After a season of hard work in the garden, it’s a chance to show-off homegrown roses. Every year the Jersey Shore Rose Society hosts their rose show.
“I can’t think of another flower that has a history with gardeners, and with artists and society like the rose does, so the rose is probably the most popular flower there is,” said Monmouth County Park System naturalist Ruth Carll. “Most home gardeners do it from a sense of passion. But then, you start growing something and it’s really looking great and then you have an opportunity to do something competitive with it. It really takes it to another level.”
Founded more than 45 years ago, the Jersey Shore Rose Society hosts its annual event at Deep Cut Gardens, which is home to more than 70 different varieties spread across a picturesque, formal rose garden.
“They’re not difficult, they’re not hard to grow, they’re very easy. They’ve been around for centuries. If you go to an old cemetery they have old garden roses that no one has taken care of, but yet they’re still there thriving,” said society president Mary Hahn.
What makes perfect growing conditions?
“We generally like in the range of 70 to about 82 degrees, full sun. When we say full sun, we generally mean a minimum of six hours a day, better if there is more sun. You want the soil to be moist, but not soaking wet and not bone dry,” said chair of judges Diana Wilkerson.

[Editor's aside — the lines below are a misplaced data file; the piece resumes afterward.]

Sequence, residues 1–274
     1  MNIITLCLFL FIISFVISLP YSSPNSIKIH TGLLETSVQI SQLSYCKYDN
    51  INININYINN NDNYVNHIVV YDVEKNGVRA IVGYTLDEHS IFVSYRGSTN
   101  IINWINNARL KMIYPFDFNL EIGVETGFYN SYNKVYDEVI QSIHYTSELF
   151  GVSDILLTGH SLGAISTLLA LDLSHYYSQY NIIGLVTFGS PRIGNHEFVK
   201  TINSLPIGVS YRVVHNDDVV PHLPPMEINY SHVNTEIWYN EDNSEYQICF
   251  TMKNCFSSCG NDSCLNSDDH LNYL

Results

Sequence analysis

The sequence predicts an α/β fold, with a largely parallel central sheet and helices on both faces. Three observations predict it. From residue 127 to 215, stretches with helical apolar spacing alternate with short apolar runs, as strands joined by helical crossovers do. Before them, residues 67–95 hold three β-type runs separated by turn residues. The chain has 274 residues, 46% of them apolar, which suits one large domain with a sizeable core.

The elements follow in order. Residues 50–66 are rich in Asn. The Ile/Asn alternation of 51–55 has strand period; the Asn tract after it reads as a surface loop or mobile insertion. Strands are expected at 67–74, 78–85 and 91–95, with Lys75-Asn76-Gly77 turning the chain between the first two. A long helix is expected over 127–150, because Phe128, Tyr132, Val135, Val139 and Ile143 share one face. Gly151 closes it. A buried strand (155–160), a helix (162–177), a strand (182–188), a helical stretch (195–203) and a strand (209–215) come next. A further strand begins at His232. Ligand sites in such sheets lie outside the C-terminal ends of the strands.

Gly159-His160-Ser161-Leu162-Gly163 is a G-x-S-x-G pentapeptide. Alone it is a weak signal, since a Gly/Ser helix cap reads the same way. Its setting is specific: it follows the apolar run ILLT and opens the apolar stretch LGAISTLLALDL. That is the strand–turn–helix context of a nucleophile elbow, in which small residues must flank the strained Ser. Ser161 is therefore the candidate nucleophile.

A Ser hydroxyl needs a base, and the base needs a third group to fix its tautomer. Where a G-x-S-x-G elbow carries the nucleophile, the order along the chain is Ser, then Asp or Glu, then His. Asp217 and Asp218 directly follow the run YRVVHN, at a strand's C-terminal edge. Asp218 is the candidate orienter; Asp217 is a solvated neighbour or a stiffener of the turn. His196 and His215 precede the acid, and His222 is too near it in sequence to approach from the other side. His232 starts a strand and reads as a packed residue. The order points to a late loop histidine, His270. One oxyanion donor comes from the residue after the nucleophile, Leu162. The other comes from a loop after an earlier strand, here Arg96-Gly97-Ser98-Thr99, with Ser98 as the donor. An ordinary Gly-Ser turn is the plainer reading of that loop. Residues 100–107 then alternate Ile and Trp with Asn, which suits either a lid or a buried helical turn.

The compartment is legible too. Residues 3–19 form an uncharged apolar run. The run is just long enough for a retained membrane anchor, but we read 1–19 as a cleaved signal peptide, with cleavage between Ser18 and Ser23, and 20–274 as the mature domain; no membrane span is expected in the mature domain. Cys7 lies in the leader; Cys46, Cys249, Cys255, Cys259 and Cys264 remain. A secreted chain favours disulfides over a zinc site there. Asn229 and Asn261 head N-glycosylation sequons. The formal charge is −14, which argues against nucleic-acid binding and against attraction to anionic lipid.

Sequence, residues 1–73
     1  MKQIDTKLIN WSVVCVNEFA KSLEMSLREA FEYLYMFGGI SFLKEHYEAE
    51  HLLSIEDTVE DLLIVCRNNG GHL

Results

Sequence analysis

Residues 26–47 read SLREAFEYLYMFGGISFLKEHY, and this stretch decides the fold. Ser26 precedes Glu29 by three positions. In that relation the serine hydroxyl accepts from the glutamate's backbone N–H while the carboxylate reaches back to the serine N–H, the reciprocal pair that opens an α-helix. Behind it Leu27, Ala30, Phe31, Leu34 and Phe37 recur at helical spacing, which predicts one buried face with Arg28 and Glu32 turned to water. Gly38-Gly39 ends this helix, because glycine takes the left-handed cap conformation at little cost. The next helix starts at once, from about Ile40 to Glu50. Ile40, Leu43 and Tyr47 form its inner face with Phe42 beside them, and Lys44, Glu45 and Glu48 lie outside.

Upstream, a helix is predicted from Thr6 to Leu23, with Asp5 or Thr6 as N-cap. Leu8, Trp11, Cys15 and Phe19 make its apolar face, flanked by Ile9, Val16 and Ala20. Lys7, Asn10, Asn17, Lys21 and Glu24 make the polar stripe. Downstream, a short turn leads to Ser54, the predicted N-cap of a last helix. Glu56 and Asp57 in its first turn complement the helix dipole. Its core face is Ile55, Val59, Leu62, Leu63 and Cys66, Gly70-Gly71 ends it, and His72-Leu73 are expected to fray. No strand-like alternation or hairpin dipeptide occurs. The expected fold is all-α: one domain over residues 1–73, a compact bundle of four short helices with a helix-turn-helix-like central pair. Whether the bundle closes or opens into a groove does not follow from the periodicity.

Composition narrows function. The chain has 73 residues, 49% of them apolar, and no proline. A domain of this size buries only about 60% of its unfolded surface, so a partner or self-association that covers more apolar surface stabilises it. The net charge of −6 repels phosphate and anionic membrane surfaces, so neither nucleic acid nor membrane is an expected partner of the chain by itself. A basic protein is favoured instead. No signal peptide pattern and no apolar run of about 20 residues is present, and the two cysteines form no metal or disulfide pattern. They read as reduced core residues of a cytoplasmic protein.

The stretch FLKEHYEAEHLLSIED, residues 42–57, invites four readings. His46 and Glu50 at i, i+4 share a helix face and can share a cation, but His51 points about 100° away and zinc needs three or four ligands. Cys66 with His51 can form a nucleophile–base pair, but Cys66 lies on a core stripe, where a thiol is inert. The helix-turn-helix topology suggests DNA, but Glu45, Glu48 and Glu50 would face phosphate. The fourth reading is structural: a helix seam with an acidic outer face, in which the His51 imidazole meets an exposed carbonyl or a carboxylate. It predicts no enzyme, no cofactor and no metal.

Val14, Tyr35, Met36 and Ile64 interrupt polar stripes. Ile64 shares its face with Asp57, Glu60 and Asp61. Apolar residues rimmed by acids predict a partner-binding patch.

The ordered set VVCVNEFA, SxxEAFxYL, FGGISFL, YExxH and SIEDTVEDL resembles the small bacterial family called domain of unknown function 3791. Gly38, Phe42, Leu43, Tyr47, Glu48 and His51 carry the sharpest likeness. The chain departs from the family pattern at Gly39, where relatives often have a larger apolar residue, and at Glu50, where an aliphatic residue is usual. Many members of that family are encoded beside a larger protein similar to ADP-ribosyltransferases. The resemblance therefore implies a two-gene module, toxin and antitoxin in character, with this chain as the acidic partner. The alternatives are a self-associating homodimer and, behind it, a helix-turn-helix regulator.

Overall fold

On this day, 200 rose exhibits are displayed. The society typically has even more, but the hot, humid summer wasn’t ideal for this year’s flowers. The public’s welcome to bring their roses, which are judged by members of the American Rose Society. There are 32 different classes, or categories, along with an entry for arrangements and photography.
Judges look for a variety of factors.
“Form, color, substance, stem and foliage is another thing. You want a nice stem to it, good, clean foliage,” said judge Bill Kozemchak.
Jersey Shore Rose Society Vice President Dr. Suni Bolar and her husband were awarded the “Queen of Show” for their Dublin rose.
“If you put an arrangement together, even if there is just one rose in it, it just calls out to you,” Bolar said.
What happens to the roses after the competition? Many are given to lucky friends. Exhibitors at the competition say they don’t mind because they can enjoy some of these blooms in their own gardens until November.